Questions have a 4,000-character limit (Approx 500 words)
- Name of Local Authority: Blackpool Council
- Type of Local Authority: Unitary Authority
- Name, job title and email address of official submitting the report: Andrea Howe, Energy Projects Officer, firstname.lastname@example.org
Headline and overview questions
Does your local authority have a current strategy on carbon reduction and/or energy efficiency for domestic or non-domestic properties?
Blackpool Council Sustainability, Energy and Water Strategy 2018-2024
Delivering a Low Carbon, Energy Efficient, Economically Resilient Community
If yes, please provide a link to your current strategy here:
If no, are you planning to develop one?
Climate Change Strategy for Blackpool is under development.
Lancashire's 15 councils are collectively working on the development of the Greater Lancashire Plan. The Plan will set a long-term strategic vision for economy, public services and environment for the Lancashire Authorities and will underpin the development of a climate and decarbonisation strategy for the county.
What scheme(s) is your local authority planning to implement in support of energy saving/carbon reduction in residential accommodation properties in the next two years?
Cosy Homes in Lancashire (CHiL) is a brand established by the 15 Local Authorities in Lancashire under which council backed domestic energy efficiency schemes are delivered. A procured managing agent operates and delivers CHiL schemes on behalf of the local authorities. The following CHiL schemes are being delivered or developed for delivery during the next 2 years:
- Delivery of ECO and ECO-Flex for cavity wall and loft insulation, replacement boilers and first time central heating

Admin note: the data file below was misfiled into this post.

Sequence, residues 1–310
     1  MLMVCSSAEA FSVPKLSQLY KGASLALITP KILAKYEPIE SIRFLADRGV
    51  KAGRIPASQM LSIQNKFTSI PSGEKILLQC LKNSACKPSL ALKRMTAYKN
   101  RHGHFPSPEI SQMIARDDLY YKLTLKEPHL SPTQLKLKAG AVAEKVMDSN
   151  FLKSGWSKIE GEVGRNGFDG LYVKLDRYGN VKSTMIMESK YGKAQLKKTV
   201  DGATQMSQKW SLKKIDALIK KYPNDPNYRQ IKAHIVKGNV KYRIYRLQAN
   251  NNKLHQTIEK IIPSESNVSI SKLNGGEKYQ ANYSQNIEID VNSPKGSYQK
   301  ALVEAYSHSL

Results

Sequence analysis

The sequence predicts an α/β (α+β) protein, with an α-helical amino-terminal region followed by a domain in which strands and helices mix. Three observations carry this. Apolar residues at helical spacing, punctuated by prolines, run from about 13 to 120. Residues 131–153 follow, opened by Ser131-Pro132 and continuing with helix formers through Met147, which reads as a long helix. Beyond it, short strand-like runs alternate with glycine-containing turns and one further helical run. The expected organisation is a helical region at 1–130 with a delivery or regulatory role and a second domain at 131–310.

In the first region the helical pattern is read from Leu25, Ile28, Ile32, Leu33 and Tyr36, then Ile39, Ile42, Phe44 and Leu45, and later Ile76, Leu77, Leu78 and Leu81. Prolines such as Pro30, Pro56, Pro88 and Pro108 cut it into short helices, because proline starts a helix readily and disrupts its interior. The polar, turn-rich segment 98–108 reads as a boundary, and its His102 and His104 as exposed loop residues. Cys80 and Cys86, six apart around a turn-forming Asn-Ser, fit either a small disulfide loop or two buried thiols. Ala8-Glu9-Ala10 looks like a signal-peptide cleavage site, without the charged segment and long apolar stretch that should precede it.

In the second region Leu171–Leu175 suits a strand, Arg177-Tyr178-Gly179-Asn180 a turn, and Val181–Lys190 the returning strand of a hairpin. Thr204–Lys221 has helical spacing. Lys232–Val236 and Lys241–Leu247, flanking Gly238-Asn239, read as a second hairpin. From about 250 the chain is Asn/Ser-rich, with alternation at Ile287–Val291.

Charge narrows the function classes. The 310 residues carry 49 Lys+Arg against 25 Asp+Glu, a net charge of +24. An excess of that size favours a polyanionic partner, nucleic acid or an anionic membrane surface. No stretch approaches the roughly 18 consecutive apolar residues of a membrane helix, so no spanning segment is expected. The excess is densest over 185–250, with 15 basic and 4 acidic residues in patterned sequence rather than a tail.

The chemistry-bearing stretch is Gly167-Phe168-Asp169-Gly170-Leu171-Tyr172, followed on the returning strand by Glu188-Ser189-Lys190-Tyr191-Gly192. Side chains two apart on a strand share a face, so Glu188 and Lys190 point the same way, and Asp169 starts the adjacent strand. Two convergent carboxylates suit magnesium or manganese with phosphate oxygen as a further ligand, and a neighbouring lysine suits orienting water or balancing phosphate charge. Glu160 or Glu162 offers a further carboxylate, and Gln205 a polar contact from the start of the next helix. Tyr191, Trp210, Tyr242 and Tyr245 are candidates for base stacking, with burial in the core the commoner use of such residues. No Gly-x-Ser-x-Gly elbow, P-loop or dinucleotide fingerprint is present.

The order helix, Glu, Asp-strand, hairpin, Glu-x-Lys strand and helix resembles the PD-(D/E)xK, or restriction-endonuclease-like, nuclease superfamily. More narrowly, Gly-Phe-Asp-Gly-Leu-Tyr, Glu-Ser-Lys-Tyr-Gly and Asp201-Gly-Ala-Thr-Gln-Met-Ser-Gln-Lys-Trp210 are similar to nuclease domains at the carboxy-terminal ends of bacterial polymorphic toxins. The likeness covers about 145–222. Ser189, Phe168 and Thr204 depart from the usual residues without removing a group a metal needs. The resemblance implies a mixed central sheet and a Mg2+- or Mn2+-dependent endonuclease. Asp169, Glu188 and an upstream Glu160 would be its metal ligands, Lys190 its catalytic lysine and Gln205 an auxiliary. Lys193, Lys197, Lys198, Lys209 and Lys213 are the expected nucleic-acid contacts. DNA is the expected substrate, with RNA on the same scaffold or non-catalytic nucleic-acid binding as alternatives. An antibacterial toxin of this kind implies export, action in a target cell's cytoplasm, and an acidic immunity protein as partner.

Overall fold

- Warm Homes Fund – installation of first time central heating
- Warm Homes Fund – installation of first time central heating in Park Homes
- Community scheme gas connections – Projects have been delivered in Blackpool, Wyre, Fylde and Chorley to date
- Green Homes Grant Local Authority Delivery scheme. £2 million of funding secured under Phase 1b with Blackpool Council acting as the Lead Authority for the Lancashire Consortium. A further £12million has been allocated to Lancashire from the North West Energy Hub who were successful in securing £50million for the North West
What has been, or will be, the cost(s) of running and administering the scheme(s), including the value of grants and other support made available, plus any other costs incurred (such as administration)
The following grants have been secured for Lancashire :
- £14 million from the Green Homes Grant Local Authority Delivery scheme
- £2.2m from the Warm Homes Fund for the installation of first time central heating.
- £1.8m from the Warm Homes Fund for first time central heating in park homes
- All other schemes are delivered through securing ECO or ECO-Flex for delivery of measures
- £130,000 funding from Electricity NorthWest Ltd to support vulnerable residents with contributions towards heating interventions
The cost of running and administering these schemes is absorbed into the funding secured for delivery.
What businesses, charities, third sector organisations or other stakeholders do you work with to deliver the scheme(s)?
The CHiL admin hub works with local businesses to install ECO measures and engages directly with energy providers to secure funding, engaging with local stakeholders such as home improvement agencies, local authority grant teams, as well as housing standards and environmental health departments. CHiL also works with the following: